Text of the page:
Neurophysiological Intraoperative Monitoring During Aortic Arch Surgery.

Journal Article (Journal Article;Review)

Circulatory management during replacement of the aortic arch is complex and involves a period of circulatory arrest to provide a bloodless field during arch vessel anastomosis. To guard against ischemic brain injury, tissue metabolic demand is reduced by systemically cooling the patient prior to circulatory arrest. Neurophysiological intraoperative monitoring (NIOM) is often used during the course of these procedures to provide contemporaneous assessment of brain status to help direct circulatory management decisions and detect brain ischemia. In this review, we discuss the characteristics of electrocerebral activity through the process of cooling, circulatory arrest, and rewarming as depicted through commonly used NIOM modalities, including electroencephalography and peripheral nerve somatosensory-evoked potentials. Attention is directed toward the role NIOM has traditionally played during deep hypothermic circulatory arrest, where it is used to define the point of electrocerebral inactivity or maximal cerebral metabolic suppression prior to initiating circulatory arrest while also discussing the evolving utility of NIOM when systemic circulatory arrest is initiated at more moderate degrees of hypothermia in conjunction with regional brain perfusion. The use of cerebral tissue oximetry by near-infrared spectroscopy as an alternative NIOM modality during surgery of the aortic arch is addressed as well. Finally, special considerations for NIOM and the detection of spinal cord ischemia during hybrid aortic arch repair and emerging operative techniques are also discussed.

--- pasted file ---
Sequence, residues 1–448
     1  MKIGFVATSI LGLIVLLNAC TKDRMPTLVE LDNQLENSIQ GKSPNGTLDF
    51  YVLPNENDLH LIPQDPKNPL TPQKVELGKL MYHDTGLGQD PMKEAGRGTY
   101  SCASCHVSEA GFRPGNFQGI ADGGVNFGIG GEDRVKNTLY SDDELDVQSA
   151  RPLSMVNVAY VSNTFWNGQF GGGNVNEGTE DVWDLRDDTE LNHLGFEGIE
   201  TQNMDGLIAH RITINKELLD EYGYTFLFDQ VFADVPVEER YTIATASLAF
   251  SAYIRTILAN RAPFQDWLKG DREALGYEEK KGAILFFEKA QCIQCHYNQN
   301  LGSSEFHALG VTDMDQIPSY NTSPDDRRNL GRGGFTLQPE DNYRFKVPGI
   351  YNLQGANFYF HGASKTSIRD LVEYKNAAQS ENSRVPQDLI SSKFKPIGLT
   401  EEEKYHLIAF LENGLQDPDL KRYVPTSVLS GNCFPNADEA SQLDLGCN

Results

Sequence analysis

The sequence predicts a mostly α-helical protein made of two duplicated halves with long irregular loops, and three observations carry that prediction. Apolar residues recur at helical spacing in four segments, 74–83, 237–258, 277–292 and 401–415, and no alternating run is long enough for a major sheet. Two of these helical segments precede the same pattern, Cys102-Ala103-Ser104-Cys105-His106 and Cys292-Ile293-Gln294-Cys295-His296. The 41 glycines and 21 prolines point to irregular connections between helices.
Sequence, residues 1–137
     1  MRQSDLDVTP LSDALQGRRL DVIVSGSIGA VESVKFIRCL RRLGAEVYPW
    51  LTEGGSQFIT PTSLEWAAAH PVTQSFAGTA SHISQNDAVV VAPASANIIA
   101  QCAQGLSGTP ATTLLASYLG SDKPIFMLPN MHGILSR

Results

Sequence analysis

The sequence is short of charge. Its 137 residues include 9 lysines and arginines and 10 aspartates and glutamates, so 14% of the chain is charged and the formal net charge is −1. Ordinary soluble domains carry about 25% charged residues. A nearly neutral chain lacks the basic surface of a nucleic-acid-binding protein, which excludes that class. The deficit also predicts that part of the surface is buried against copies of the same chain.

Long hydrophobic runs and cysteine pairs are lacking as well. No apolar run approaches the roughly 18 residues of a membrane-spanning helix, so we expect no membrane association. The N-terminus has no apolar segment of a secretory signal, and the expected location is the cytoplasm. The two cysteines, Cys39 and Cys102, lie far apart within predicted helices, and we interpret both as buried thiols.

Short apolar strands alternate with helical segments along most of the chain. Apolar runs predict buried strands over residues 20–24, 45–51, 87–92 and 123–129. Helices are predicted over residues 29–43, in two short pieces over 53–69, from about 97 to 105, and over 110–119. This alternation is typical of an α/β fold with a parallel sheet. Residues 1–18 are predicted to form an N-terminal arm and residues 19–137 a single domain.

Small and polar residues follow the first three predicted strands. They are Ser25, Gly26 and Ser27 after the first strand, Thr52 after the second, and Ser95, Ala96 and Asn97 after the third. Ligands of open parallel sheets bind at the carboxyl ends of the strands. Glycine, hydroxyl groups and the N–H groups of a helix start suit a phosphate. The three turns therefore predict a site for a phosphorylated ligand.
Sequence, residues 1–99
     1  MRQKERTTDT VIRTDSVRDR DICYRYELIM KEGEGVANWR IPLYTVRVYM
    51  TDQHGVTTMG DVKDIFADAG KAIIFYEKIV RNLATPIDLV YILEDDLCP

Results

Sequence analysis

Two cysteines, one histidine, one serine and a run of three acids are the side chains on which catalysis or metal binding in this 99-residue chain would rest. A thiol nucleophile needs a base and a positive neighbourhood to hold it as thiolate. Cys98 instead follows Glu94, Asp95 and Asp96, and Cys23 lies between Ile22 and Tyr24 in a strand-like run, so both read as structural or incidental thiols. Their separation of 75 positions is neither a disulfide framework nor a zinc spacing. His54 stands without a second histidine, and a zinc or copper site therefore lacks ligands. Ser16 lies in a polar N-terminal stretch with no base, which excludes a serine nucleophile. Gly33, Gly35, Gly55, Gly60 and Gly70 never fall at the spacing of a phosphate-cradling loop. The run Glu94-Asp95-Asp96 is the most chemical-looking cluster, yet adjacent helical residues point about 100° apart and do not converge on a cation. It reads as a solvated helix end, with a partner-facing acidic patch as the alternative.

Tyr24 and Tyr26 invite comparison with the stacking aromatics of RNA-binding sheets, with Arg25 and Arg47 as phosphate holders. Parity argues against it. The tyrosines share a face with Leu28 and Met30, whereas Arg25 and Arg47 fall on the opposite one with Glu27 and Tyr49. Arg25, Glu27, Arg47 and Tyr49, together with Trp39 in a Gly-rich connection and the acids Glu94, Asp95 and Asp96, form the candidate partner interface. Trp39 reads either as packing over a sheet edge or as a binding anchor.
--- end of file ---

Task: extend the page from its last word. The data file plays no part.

Full Text

Duke Authors

Cited Authors

  • Keenan, JE; Benrashid, E; Kale, E; Nicoara, A; Husain, AM; Hughes, GC

Published Date

  • December 2016

Published In

Volume / Issue

  • 20 / 4

Start / End Page

  • 273 - 282

PubMed ID

  • 27708177

Electronic International Standard Serial Number (EISSN)

  • 1940-5596

Digital Object Identifier (DOI)

  • 10.1177/1089253216672441


  • eng

Conference Location

  • United States